What I Learned From Failure

May 06, 2022

By Alexander Bass

I am a trans counselor working to instill kindness in therapeutic approaches to help foster trust and acceptance in helping those through difficult times.

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When I was growing up, my parents had high expectations of me. They seemed higher than the sky, which I felt continuously set me up for failure. The funny thing is, the longer and harder I stretched to reach the sky, the more I grew. I can tell you that I did not come to this realization until many years later.

There were many times that I was working towards a goal or expectation set out by myself or others that I almost achieved. You could say I was in the clouds. But then something happened, and I fell. And fell hard. When I hit the ground, my goal and expectation changed. I no longer wanted to work towards that. It felt like too much energy, work, and hope. I did not want to put all that effort in and fail again. I thought that would kill me. But John Wooden, the legendary UCLA basketball coach,  said, “Failure isn’t fatal, but failure to change might be.”

I feared failing and everything that accompanied such. This meant the fall, the disappointment, shame, guilt, and lack of motivation to continue. By having this mindset, I took failure on as an identity. Seeing myself as a failure seemed almost safer than taking the risk and failing again.

Through this lens, my successes seemed minimal and meaningless. Nothing I did or achieved seemed to make a difference or matter to me. None of it seemed to measure up or be enough. This viewpoint, mindset, and way of life hurt me more than any fall I ever experienced from failure. There were many things I never tried or went for because I was afraid to fail. I was afraid that it would only confirm what I already thought of myself. I denied myself the opportunity to be truly successful. But most importantly, I didn’t allow myself to grow into the person I was meant to be.

The fear and identity of a failure became fatal for me at two points in my life. And that was when I felt that I had failed at everything. The amount of shame I felt was indescribable. When I was 20 years old, I had to call my mom and tell her that I had a problem with alcohol, and two years later, I called my dad to say I was going to court to get a protective order on an abusive ex-girlfriend whom my mom had told and threatened me to leave multiple times before. One day I decided to switch the lens I was looking through.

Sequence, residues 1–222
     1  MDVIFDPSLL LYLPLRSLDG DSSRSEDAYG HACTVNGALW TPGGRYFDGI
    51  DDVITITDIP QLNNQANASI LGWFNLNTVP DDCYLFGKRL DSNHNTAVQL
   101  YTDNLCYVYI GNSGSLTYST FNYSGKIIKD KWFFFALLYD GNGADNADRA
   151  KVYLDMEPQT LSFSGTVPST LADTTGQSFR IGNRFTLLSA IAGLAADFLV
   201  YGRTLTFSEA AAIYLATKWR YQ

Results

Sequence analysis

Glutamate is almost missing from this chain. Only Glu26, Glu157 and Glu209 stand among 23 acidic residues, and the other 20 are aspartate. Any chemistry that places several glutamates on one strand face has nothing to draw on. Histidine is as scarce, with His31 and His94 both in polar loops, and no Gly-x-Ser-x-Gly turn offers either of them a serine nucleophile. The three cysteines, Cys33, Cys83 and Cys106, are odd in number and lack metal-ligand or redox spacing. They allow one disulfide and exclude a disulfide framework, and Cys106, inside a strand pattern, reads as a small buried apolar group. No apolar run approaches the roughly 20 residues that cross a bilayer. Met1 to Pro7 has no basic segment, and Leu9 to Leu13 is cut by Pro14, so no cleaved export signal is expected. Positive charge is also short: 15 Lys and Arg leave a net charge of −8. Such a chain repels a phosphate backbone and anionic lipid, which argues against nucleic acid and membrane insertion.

For the first time in my life, I fought for what I wanted. What I knew would make me happy. What I knew would save my life. I even fought my mom to prove to her that it was worth any and every consequence that followed. Everything seemed to fall in place after that. I worked to discover and be more comfortable with who I was and my identity. I became happy and social. I met my close friends. I would go to events and parties that I never would have entertained the thought of. I smiled and laughed more than I had in my entire life. I took extreme risks, or ones that seemed extreme. I applied to graduate school in a field I had no prior education or formal experience in. Just a feeling. I presented research at three different conferences. I conducted research that will hopefully be published within the next year or so. I jumped out of an airplane. I swam with sharks. But the most extreme thing I pushed myself to do was to love and be loved.

What I learned about failure over the years, is that it is inevitable. You either fail by taking a risk or fail by default by not taking that risk. My failures taught me a lesson either about myself, or just how the world worked. Failures taught me healthy boundaries, how to make healthy, beneficial relationships, and ultimately how to genuinely love myself.

I used to think that failing meant starting over. But that wasn’t true. I learned something on the way. Failure isn’t a complete reset. It may make you change pathways like it did for me, but I had new knowledge and understanding that I would not have gained if not for failure.

Failure is not an identity. By believing in myself, I have stronger bonds with my family and friends. Failing shaped me and not fearing failure granted me a multitude of opportunities to better myself, my life, and others. Failure is not without cause and not without growth.

We must be gracious with ourselves and know that no matter what the outcome is, we are not failures. But instead, we are courageous and brave because we took a leap knowing the possibilities, both good and bad.

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